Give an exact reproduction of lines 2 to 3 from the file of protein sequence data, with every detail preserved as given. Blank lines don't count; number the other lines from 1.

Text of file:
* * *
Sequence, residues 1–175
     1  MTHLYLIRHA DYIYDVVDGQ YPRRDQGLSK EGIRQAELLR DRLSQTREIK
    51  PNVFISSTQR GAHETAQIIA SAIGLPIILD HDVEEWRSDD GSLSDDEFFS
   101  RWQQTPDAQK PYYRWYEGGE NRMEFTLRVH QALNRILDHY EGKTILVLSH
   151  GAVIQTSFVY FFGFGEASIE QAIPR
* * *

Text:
     1  MTHLYLIRHA DYIYDVVDGQ YPRRDQGLSK EGIRQAELLR DRLSQTREIK
    51  PNVFISSTQR GAHETAQIIA SAIGLPIILD HDVEEWRSDD GSLSDDEFFS